Bruce Eric Kaplan, the author and illustrator of a new memoir, “I Was a Child” (Blue Rider: 193 pp., $25.95), simultaneously holds two of the most coveted day jobs on the planet. He’s a TV writer (he has worked on “Seinfeld,” “Six Feet Under,” and “Girls,” for which he currently serves as executive producer), and he’s a cartoonist (under the moniker BEK, his cartoons have been appearing in the New Yorker for 24 years). He has also published several cartoon collections, as well as three children’s books.
“I Was a Child,” which Kaplan wrote after the death of his father (his mother had died a decade earlier), is a collection of aphoristic reminiscences about his childhood in New Jersey in the 1970s. Nothing particularly dramatic happens — the young Kaplan watches TV and studies his parents’ behavior with the bemusement of a budding sociologist — but the simply illustrated anecdotes, at once specific and universal, funny and sad, are suffused with nostalgia.
Kaplan discussed his childhood and his multiple careers at a West L.A. coffee shop. He will be appearing at the Los Angeles Times Festival of Books on April 18 at 4:30 p.m. as a member of the “Graphic Novels and Memoir” panel with Roz Chast and Mimi Pond.
Did you always want to be a cartoonist?
I always enjoyed drawing, but casually. Then I was out here trying to be a writer and not succeeding, and thinking, “What else could I do?” I’d always loved New Yorker cartoons. I knew that James Thurber didn’t have much formal training; he was kind of primitive. I thought, “I could do that kind of cartoon.” So I went to the Beverly Hills Library and got out an old book called “How to Be a Cartoonist,” by Mort Gerberg, a New Yorker cartoonist. He said there was an art meeting once a week, and you sent them 10 drawings in a self-addressed stamped envelope. So I started doing that.
When did you sell your first cartoon?
Not for years. I did it every week. There was something much more satisfying about doing a cartoon than writing a spec “Blossom” script. I used cartoons as diaries. I still do. They’re my way of figuring out the world, what’s happening to me or what I’m thinking about. And I was so sure that it was right for me. I felt like, “Well, they’re going to catch on.” So I sent [The New Yorker] a cover letter every week, got the same form rejection letter every week, and then, finally, after a few years, I got a real letter.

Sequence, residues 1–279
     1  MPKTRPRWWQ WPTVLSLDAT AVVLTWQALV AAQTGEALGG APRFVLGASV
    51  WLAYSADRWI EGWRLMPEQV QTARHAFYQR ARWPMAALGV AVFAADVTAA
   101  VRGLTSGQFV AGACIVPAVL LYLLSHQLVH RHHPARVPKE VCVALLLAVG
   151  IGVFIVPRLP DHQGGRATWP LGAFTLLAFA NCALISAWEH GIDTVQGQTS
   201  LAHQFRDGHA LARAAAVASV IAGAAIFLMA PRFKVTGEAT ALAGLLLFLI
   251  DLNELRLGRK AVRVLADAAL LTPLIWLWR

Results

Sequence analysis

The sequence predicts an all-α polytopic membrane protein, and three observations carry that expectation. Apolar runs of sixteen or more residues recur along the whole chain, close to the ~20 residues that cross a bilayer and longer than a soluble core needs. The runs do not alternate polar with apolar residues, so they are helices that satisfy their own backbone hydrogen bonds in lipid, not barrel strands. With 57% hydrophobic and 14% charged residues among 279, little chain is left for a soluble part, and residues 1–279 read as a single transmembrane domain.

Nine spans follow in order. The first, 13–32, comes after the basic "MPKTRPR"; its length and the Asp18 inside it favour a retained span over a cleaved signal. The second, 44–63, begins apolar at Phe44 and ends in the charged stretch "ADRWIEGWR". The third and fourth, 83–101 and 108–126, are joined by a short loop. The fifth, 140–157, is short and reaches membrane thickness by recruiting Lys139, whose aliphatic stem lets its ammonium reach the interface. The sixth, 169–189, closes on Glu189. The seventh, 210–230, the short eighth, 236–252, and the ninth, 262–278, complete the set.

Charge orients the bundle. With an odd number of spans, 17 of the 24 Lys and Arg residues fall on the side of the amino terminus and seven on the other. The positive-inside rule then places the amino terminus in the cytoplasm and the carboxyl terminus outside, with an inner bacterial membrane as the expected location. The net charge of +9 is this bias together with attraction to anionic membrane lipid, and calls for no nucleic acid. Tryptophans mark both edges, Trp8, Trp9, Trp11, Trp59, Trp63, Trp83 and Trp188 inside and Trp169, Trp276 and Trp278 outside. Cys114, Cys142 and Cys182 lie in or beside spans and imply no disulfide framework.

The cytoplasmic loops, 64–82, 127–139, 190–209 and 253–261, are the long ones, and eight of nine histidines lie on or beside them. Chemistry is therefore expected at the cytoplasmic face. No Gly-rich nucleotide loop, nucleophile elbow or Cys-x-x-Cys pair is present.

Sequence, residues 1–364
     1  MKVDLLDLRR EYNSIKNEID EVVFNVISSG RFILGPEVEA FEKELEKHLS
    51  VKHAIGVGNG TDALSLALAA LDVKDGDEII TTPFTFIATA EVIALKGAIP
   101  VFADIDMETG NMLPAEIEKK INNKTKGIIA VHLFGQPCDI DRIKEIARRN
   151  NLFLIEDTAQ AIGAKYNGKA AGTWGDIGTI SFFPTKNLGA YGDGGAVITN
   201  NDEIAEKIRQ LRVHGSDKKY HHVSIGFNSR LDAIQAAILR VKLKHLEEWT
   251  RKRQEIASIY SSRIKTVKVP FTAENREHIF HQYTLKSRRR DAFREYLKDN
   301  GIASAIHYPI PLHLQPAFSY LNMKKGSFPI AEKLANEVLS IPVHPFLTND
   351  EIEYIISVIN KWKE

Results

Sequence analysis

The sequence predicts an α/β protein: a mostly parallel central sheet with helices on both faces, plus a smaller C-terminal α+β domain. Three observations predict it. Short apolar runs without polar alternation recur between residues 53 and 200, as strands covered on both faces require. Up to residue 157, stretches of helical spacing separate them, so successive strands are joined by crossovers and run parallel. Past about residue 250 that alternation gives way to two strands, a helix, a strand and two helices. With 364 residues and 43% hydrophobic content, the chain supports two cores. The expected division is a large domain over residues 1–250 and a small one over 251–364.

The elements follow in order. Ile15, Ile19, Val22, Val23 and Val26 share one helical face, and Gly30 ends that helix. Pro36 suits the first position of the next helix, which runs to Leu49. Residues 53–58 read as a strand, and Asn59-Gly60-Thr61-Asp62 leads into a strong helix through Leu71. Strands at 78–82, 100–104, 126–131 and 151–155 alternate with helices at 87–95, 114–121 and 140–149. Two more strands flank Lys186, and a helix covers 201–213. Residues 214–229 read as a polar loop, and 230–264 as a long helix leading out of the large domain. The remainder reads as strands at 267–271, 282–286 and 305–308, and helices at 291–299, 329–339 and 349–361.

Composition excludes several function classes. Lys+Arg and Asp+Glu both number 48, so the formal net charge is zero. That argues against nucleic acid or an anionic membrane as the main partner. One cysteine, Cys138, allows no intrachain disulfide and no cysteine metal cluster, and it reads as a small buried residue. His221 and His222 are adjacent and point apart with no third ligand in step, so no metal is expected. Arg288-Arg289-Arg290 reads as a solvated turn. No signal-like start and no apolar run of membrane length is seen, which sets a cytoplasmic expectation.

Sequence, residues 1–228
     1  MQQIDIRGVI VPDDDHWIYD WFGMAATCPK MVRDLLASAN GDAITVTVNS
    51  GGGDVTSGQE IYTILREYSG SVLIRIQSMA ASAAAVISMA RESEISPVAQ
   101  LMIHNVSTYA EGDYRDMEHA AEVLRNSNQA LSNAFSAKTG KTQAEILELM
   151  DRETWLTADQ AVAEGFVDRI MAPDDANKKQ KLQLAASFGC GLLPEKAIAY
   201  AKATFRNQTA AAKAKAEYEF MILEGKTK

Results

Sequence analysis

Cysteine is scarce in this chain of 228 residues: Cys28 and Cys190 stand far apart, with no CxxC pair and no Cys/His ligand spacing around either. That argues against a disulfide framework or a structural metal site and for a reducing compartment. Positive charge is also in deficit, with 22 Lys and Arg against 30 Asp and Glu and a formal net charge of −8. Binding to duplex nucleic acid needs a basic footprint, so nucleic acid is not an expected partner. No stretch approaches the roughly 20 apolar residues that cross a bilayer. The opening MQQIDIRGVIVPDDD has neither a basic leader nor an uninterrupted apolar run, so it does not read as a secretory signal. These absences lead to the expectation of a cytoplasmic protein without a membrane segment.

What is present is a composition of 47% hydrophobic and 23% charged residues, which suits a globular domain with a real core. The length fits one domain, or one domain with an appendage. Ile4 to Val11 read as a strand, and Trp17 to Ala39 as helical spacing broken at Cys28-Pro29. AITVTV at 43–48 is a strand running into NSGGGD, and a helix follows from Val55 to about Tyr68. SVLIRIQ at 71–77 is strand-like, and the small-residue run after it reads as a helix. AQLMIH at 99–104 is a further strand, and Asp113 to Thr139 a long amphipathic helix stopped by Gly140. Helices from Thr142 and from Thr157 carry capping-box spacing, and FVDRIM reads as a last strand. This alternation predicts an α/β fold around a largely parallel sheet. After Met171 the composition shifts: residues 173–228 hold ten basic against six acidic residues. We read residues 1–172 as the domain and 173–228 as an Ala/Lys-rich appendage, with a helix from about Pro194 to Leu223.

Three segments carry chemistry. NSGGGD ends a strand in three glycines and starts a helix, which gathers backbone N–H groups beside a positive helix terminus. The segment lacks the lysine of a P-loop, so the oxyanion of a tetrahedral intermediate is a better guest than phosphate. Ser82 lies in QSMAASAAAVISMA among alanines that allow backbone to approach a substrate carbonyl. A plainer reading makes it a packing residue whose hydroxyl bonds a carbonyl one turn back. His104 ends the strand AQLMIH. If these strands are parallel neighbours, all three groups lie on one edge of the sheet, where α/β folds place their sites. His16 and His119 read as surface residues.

And how did the TV writing career begin?
When I was first out here, in the ’80s, I got a temp job, like where you take the typing test? I was temping at a studio. They said to bring something down to the stage. So I brought something down to the stage and saw Mary Tyler Moore — a big thing for me — and I watched the scene, and I thought, “I could write that.” I felt like I’d been preparing my whole life. But I thought I could long before anyone else thought I could.
What inspired you to write this memoir?
I started doing a Twitter feed when my father was dying. I was very distracted, preoccupied. It was upsetting. So if I was sitting by myself somewhere, like waiting for the subway, it was very hard to be there. And if I could think of something to tweet — a cartoon of a person sitting there, or some garbage — it was a way of getting out of that anxiety and into the moment.
I started to wonder if these drawings could ever have a life. So my agent set up a meeting with the people who eventually published this book. They weren’t interested in the Twitter feed. But I was talking about my life, and my father dying, and the shock, and how I couldn’t believe it was all over. At the end of the meeting, it seemed I had sold them a book about my childhood with drawings. It was completely not what I had intended to do, although now that I think about it, I think I did want to write about my childhood.
Was the book difficult to write, or was it therapeutic?
It was both. When I started, it was the most soothing thing to go into the time when my parents were both alive. As an adult, it’s hard for me to remember my mother before her sickness. But if I go back into childhood, I can access that. While writing, I was in a dream state. Even now I’m very confused: Was it a healthy thing? It was necessary in some way. At the end of the day, I would come out of it, and my parents wouldn’t be there, and I would relive the loss.
What did you want to accomplish in “I Was a Child”?
I wanted to document a time that doesn’t exist anymore. I go through my day remembering things like telephone cords. I didn’t put this in the book, but in my twenties, I used to walk around with the phone in the apartment, and the cord would become crazy, and then I’d have this box of crazy cords. It’s something that you would never have now: a box of crazy cords. And things like waiting for “The Wizard of Oz” once a year, and how that’s so foreign to the way of life of children now.
You have such detailed memories of your childhood, down to the television schedule. Did you have to do a lot of research?
I didn’t have to do any research. I still know every show. “Cannon” was on Wednesdays at CBS at 10 o’clock. I didn’t even like “Cannon.” “The Six Million Dollar Man,” 8 o’clock, ABC, Wednesdays. “Barnaby Jones,” 10 o’clock, CBS, Thursdays. You can test me. It’s like a weird neurological … I don’t know what it is.
What do you think your parents would think if they could read this book?
They would die. I feel terrible about that. I really, really wanted to write a book that they wouldn’t die about. I tried very hard to make it a loving portrait. And I’ve heard from people that it is, but I don’t know that they would feel that.